SPIE Professional July 2009
The engineering profession and the institutions that prepare future engineers need to be re-invented to keep pace with advancements in science and technology and the resulting benefits to society, according to retired Lockheed Martin CEO Norman Augustine.
Symposium chair Ray Johnson of Lockheed Martin (left) and co-chair Michael Eismann of the U.S. Air Force Research Lab (right) with Norman Augustine. Augustine was recently named chair of a NASA review committee on human space flight.
Speaking on "Re-Engineering Engineering" at SPIE Defense, Security, and Sensing Symposium in April, Augustine laid out 16 points where engineers could improve their preparedness for the future.
"The creation of new, quality jobs in today's world is disproportionally dependent upon advancements in the fields of science and engineering," Augustine said. Yet, he argued, engineering education hasn't changed much in many years.
Augustine told more than 1000 attendees at his keynote talk that engineers should receive a broad, interdisciplinary education, taking courses in ethics, politics, and biology, and even a healthy dose of instruction on writing and communication before embarking on their careers. Lifelong learning is also essential for engineers, he said.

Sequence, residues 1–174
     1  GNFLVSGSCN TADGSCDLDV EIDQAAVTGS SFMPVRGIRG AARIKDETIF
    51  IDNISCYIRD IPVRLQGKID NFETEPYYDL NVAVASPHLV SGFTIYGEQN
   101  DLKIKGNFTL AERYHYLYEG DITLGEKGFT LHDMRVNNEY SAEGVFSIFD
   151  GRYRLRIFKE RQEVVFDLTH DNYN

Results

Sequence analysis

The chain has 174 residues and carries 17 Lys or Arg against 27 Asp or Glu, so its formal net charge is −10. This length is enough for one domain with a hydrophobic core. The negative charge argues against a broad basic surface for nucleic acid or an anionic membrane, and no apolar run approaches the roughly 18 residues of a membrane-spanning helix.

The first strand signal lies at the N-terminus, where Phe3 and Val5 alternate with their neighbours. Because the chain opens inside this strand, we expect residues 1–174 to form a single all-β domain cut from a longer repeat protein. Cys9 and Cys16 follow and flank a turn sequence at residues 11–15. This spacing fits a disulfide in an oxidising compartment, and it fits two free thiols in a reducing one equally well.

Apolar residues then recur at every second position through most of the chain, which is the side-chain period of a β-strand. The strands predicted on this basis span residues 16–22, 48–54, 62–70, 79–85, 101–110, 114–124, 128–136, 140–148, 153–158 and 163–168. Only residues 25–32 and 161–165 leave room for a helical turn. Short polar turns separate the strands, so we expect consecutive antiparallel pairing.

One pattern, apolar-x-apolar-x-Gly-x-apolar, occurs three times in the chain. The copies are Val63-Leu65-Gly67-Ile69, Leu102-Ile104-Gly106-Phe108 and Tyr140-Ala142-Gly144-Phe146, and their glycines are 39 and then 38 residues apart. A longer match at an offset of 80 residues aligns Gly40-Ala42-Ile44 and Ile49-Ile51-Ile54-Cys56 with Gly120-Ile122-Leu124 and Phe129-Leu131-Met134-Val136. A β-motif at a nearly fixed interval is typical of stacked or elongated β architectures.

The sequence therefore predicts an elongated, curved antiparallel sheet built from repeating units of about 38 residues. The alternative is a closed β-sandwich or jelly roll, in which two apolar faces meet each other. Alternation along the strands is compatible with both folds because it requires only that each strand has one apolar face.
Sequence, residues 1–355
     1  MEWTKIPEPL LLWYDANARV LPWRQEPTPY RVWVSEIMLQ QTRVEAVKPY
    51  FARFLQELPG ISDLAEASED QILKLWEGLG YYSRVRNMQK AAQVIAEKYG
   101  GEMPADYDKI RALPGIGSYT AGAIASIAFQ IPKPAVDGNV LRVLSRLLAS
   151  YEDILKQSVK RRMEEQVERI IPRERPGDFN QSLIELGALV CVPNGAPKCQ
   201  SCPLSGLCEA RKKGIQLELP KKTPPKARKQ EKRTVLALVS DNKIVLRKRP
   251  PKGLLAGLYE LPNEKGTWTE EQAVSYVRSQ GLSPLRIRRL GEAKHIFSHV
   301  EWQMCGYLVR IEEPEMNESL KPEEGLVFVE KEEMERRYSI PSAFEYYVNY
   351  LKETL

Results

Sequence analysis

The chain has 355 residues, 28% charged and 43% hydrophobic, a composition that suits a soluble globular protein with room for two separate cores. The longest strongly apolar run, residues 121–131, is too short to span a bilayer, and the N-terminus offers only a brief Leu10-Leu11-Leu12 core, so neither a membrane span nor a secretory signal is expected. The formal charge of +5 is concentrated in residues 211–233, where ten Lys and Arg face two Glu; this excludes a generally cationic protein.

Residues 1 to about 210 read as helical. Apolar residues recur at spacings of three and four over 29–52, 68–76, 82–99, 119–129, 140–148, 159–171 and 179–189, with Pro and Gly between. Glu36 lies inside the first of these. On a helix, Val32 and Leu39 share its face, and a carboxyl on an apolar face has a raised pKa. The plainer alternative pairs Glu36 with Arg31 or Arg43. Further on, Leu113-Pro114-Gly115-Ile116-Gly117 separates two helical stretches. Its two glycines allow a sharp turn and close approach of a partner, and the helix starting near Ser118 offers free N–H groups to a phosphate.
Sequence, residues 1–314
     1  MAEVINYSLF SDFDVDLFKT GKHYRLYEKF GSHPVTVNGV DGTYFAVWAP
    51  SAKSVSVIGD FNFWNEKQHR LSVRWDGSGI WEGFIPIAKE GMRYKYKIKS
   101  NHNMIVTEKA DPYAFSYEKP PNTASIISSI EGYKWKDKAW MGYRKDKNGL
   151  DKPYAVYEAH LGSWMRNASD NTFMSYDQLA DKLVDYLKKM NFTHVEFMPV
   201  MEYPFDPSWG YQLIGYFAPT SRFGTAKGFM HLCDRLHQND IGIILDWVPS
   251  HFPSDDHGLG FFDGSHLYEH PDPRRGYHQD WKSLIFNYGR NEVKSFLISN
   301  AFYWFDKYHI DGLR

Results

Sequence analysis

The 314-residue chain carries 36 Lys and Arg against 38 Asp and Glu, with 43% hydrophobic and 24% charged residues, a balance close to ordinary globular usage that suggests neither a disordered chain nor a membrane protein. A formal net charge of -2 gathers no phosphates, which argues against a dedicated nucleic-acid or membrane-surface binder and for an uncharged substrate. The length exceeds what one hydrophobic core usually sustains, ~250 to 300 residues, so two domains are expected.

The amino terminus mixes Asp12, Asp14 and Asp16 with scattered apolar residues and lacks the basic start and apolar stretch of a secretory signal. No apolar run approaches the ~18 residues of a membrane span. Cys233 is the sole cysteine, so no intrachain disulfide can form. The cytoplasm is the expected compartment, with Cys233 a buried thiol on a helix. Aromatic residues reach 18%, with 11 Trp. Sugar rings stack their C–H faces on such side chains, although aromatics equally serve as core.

"The modern practitioners of technology who stop learning when they get out of college will be professionally middle aged 10 years later," the author of Augustine's Laws and Augustine's Travels said.
Augustine, whose career as an aerospace engineer, researcher, administrator, and business leader has spanned more than 40 years, also emphasized the importance of learning from previous engineers' mistakes. "I've never ceased to be amazed at how we learn the same lessons over and over," he said.
An audio podcast of his plenary session talk and a video interview conducted afterwards is available in the SPIE Newsroom: spie.orAugustinene
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